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During Kantarian's tenure (2000--08), Open revenues rose by $70 million. This year's fortnight will net some $110 million and, if the weather holds, threaten the two-week 2009 attendance record of 721,059. In terms of tickets sold, there's now no bigger annual sporting event on the planet. Just as telling, though, is how the players have bought in. Like it or not, they've learned: Tennis alone isn't enough anymore.
"Players are different now; they embrace technology," Earley says. "Twenty years ago [if] you put those big screens up there and ran live action in the middle of play, I can tell you five players who would've said, 'We're not doing that.' Players now love that s---. Getting interviewed before a match? We had players who wouldn't get interviewed the first year. Now? They're onstage, acting!"
Maybe, though, it's too easy, too fogyish, to say that the Open has lost its edge. The place may have gotten more posh, but the rains that shredded the schedule and every last nerve over the last four years remain a threat, and New York City's unique nature will never allow a true calm. "The distractions are big here because you almost enjoy your time too much," Federer says. "Not meaning you go party, but you do too many things maybe you shouldn't be doing. In Wimbledon you rent your house, you eat and breathe tennis. When you come here, you go out at night for dinners. You catch up with friends. There's many more things you can follow and do, so that brings challenges."
Young Americans hitting the place for the first time feel like their heads are going to explode. "The energy was something I'd never felt before," says Ryan Harrison of his minirun (including qualifying) to the second round in 2010. "You always hear that it's the most incredible tournament, but you never can really understand what people are talking about—and I didn't—until you play. That was incredible."
Maybe this is just life now in Mayor Bloomberg's New York, where tourists take their kids to Times Square and the crime rate keeps dropping and it's practically a crime to smoke, eat bad fat or down a big soda. You're chewing on this one afternoon when here comes the tennis embodiment of 1980s downtown angst, the punk prince. John McEnroe, 53, still looks the part: black T-shirt with suit pants, sunglasses, a Giants cap jammed on his head. You pull an immediate U-turn. He's moving fast.
"I [still] get pumped up," McEnroe says of coming to the Open. "I've had a long summer, and my energy level, just from being here, is up 15 to 20 percent. I'll walk around, and people are saying, for the most part, good things—and you just get ... up."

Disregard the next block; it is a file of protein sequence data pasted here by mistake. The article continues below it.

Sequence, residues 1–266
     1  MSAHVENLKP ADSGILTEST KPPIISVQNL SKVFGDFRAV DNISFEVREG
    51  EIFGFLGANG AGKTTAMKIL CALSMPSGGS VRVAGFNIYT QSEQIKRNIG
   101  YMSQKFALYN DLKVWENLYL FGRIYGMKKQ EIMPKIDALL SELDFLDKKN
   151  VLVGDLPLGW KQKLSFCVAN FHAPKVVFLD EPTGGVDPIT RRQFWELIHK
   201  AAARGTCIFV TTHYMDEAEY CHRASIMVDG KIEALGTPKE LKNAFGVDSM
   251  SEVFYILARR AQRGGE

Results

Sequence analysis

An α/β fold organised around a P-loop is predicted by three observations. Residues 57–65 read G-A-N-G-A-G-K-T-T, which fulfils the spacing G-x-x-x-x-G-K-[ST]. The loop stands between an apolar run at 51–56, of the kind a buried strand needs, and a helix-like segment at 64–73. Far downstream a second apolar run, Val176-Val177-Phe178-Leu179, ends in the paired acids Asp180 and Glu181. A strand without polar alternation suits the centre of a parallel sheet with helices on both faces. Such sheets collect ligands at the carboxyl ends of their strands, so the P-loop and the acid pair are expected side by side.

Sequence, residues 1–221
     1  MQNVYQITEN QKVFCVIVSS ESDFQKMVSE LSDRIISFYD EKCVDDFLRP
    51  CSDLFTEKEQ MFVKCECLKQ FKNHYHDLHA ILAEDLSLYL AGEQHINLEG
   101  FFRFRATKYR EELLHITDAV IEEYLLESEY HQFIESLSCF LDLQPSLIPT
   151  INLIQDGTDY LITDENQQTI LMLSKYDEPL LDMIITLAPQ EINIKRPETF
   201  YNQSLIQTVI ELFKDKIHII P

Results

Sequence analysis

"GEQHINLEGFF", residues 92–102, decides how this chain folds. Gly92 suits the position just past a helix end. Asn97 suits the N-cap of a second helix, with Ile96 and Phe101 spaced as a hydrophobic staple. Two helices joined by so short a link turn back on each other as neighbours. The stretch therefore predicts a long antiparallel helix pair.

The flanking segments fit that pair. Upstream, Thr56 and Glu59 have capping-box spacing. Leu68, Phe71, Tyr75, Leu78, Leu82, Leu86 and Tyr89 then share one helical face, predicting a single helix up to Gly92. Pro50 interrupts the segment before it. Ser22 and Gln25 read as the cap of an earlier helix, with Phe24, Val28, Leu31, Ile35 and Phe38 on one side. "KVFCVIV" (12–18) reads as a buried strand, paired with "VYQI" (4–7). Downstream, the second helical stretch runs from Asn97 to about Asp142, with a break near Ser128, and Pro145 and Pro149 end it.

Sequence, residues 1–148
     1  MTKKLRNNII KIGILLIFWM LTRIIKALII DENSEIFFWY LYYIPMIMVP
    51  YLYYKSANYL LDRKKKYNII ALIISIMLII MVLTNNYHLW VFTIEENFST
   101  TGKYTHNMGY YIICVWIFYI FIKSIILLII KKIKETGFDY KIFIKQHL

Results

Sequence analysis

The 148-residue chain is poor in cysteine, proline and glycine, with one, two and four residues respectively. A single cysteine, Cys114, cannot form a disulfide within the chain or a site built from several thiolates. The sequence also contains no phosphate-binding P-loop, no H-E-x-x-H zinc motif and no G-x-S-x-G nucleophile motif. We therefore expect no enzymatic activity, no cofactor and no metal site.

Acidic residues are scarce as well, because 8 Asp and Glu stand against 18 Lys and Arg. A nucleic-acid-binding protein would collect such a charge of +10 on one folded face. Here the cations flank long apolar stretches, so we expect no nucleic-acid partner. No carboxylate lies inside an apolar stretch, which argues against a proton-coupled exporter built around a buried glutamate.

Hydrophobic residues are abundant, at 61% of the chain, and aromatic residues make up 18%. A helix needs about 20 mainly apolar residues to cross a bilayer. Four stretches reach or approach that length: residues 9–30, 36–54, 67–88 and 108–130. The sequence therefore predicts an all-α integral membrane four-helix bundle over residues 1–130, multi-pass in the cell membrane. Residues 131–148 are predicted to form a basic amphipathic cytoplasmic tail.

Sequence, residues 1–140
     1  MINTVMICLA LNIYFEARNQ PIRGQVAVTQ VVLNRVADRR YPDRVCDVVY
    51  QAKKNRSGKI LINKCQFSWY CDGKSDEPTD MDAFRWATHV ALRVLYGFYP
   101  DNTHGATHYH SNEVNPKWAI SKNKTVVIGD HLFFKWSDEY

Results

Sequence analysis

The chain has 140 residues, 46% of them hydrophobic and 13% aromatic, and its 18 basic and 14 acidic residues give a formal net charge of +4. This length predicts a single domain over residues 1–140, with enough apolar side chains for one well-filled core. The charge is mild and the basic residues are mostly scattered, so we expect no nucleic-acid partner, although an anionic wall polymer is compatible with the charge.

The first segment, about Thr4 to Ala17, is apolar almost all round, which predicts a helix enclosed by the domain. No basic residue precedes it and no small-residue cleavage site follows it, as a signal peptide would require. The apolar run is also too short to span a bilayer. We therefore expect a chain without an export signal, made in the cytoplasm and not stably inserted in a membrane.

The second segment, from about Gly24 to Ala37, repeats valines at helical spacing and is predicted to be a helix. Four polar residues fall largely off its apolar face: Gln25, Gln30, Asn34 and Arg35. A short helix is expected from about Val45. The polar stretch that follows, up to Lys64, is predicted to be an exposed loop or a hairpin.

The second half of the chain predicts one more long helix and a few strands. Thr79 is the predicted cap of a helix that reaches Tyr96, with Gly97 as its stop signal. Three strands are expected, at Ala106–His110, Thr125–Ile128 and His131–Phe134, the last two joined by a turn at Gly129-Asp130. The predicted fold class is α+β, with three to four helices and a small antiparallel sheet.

Then again, McEnroe isn't the rebel he was in his prime, when matches felt like war and "everyone," he says, "seemed like an adversary." In fact, the only thing in tennis that has undergone a more radical makeover than the Open is McEnroe himself, the Superbrat cum television commentator, oft seen poking fun of his younger self in ads for American Express and National Car Rental. Once, McEnroe would've found prematch interviews or deafening music during changeovers "ludicrous," he says. "Now I think it would've been sort of cool to hear some music."
You hear this, and it's fair to wonder if tennis even needs a brash U.S. Open anymore. After Open tennis began in 1968, petulant, hyperactive adolescent behavior seemed the perfect way to keep the world watching. But like McEnroe now, the pro game is a sport well into middle age. The use of replay has all but eliminated verbal abuse, and the top players treat officials and each other mostly with respect, making episodes like Serena Williams's Open meltdowns seem downright bizarre.
You're almost convinced, but then you find McEnroe's onetime doubles partner, CBS commentator Mary Carillo. Every year, as a kid growing up in nearby Douglaston, Queens, she'd end her summers at the Open. It's home. "For me, what started out as a game became a sport, and now it's a business," she says. "I'm not naive: I'm wistful. And it's not just this place that has become corporate. The players have too. They're brands—the Federer brand, the Sharapova brand. Maybe some things have to change, but it's no secret why the Grandstand produces so many of the best moments here: The fans still feel like they're right there with the players. They get to see 'em sweat and see 'em curse. When Connors made his great run, the fans at Armstrong felt like they were helping him win. I miss that."
That was last Thursday. In the following days Carillo's words began to feel like an incantation, summoning the very forces she thought had fled Flushing for good. Roddick's press conference dwelled mostly on retirement, but he mentioned Connors's run in '91 and how much he loved Ashe at night. "The most electric atmosphere in our sport," he said.